Not all property funding has dried up.
In the metropolitan New York area and northeastern region of the country including New York, New Jersey, Pennsylvania and Connecticut -- where our firm arranges financing, we see a good demand for permanent financing to replace existing loans and to refinance older mortgages. While the financial press has warned of the large amount of bullet loans coming due, we have not witnessed an excessive demand from this type of borrower. The reason for this is two-fold. One is that permanent lenders have become more realistic and now accept the fact that borrowers will have great difficulty attempting to refinance loans that do not meet today's lending standards. Therefore, we find that they are extending these mortgages at a current market rate for periods up to one year. Second, a large percentage of these loans are secured by office buildings for which it is extremely difficult to find replacement lenders. On the lending side, there are moderate amounts of money available for refinancing from metropolitan New York area thrifts, life insurance companies, foreign commercial banks and real estate credit companies. In the New York area, the thrifts are primarily interested in providing financing for rental apartment and cooperative apartment buildings. They are underwriting these loans on a conservative basis and generally offer a 10-year term with a five-year rate review at rates in the range of 9 percent to 9.5 percent. The underlying cooperative market is more competitive with additional sources offering 10-year interest-only loans for well sold out buildings in the 9 percent range.
The life insurance company market has lost many of the household name insurance companies. It appears that several of these large Eastern-based companies will continue to be out of the market for new business for the foreseeable future. However, their place has been taken by a number of mid-size life insurance companies from elsewhere in the country. These companies are primarily interested in loans in the $3 to $10 million range rather than very large financings. As with the thrift industry, they are also interested in providing financing for apartment properties. The life insurance companies are interested in suburban garden apartment properties that were constructed from the mid-1970's on. The older properties are expected to be modernized and up-to-date with new appliances and excellent maintenance.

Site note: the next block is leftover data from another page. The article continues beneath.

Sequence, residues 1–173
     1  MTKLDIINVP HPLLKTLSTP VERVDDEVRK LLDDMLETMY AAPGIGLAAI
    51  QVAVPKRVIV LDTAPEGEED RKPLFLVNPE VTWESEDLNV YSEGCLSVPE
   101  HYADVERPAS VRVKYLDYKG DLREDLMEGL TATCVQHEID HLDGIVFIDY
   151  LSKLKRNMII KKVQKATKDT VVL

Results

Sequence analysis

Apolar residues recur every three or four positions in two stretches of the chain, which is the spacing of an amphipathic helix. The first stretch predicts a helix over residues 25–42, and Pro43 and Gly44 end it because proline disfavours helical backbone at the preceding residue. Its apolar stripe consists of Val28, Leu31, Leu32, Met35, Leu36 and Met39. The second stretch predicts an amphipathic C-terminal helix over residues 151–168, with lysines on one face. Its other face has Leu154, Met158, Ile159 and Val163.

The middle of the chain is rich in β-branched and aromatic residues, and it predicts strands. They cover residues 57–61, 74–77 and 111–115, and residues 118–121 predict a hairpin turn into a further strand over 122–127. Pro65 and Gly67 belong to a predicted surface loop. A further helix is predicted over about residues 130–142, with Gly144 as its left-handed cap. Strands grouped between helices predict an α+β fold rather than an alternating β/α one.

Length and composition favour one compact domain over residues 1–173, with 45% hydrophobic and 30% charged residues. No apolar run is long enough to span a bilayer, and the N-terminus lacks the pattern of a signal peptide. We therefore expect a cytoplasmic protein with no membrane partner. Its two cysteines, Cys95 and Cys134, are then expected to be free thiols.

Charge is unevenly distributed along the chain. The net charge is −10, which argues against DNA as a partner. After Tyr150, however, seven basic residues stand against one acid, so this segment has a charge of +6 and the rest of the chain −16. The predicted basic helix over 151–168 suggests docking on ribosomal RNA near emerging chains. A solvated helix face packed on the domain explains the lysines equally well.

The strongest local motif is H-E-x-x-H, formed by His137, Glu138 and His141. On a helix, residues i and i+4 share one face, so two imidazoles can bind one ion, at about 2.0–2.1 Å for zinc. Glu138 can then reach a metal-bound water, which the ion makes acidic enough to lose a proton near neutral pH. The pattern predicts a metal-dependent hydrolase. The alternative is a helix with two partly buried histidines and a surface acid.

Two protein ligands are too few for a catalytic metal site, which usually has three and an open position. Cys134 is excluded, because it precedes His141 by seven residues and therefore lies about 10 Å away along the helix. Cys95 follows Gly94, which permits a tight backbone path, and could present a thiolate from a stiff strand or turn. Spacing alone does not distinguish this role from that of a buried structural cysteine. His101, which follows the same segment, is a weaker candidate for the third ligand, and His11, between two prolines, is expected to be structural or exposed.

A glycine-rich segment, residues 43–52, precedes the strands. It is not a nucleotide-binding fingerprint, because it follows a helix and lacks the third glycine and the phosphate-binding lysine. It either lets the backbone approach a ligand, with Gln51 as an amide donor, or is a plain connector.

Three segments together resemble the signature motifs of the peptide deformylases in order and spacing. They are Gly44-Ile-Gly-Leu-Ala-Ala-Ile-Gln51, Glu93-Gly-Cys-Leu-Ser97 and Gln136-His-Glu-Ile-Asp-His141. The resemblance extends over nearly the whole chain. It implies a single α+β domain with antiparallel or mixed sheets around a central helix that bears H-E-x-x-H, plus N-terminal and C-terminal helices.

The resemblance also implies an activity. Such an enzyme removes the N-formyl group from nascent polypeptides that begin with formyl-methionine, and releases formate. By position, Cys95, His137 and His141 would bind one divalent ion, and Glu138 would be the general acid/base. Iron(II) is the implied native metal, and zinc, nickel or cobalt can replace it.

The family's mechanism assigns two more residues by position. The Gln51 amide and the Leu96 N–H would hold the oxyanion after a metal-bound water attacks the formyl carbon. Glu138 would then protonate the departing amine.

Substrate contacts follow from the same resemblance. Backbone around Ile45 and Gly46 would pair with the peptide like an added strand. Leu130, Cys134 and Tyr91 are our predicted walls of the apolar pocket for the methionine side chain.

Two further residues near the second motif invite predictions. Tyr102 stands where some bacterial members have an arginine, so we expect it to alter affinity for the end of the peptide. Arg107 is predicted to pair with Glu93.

In addition, the other two property types include shopping centers and warehouse properties. In the shopping center field, they are primarily interested in open strip centers anchored by food and drug chains. There is also good interest in new long term leases from several of the credit worthy chains expanding into the northeast. The insurance companies are offering terms of three, five, seven or 10 years with 25 year amortization schedules. For older properties with sufficient cash flow. there is a trend from both the lender and borrower to use 15 year self-liquidating mortgages. This type of financing enables the owner of an older property with expiring leases to refinance an existing loan balance and mitigate the lease renewal risk with heavy amortization. After 10 years with a 15-year amortization schedule, approximately 50 percent of the loan is repaid.
The real estate credit companies continue to have ail interest in providing financing. They can provide traditional cash flow first mortgage financing, acquisition financing and forward commitments for to-be-built projects. With the present low short term interest rates, the credit companies can provide a level of interest rates considerably below that of a fixed rate lender. Additionally, they are somewhat more flexible as to the underwriting risks which they are willing to accept. In the acquisition area, the credit companies can provide money for borrowers to purchase properties that are being offered by other lending institutions. Finally, they offer forward takeouts to satisfy the requirements of construction lenders on new projects. The primary activity in this area is the development of new shopping centers with major anchor stores and a small amount of satellite stores.
In summary, there is money available from a variety of lending sources to satisfy many of the needs of today's borrowers.
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|Title Annotation:||Finance; funding options for metropolitan New York area real estate|
|Author:||Baker, Harold D.|
|Publication:||Real Estate Weekly|
|Date:||May 20, 1992|
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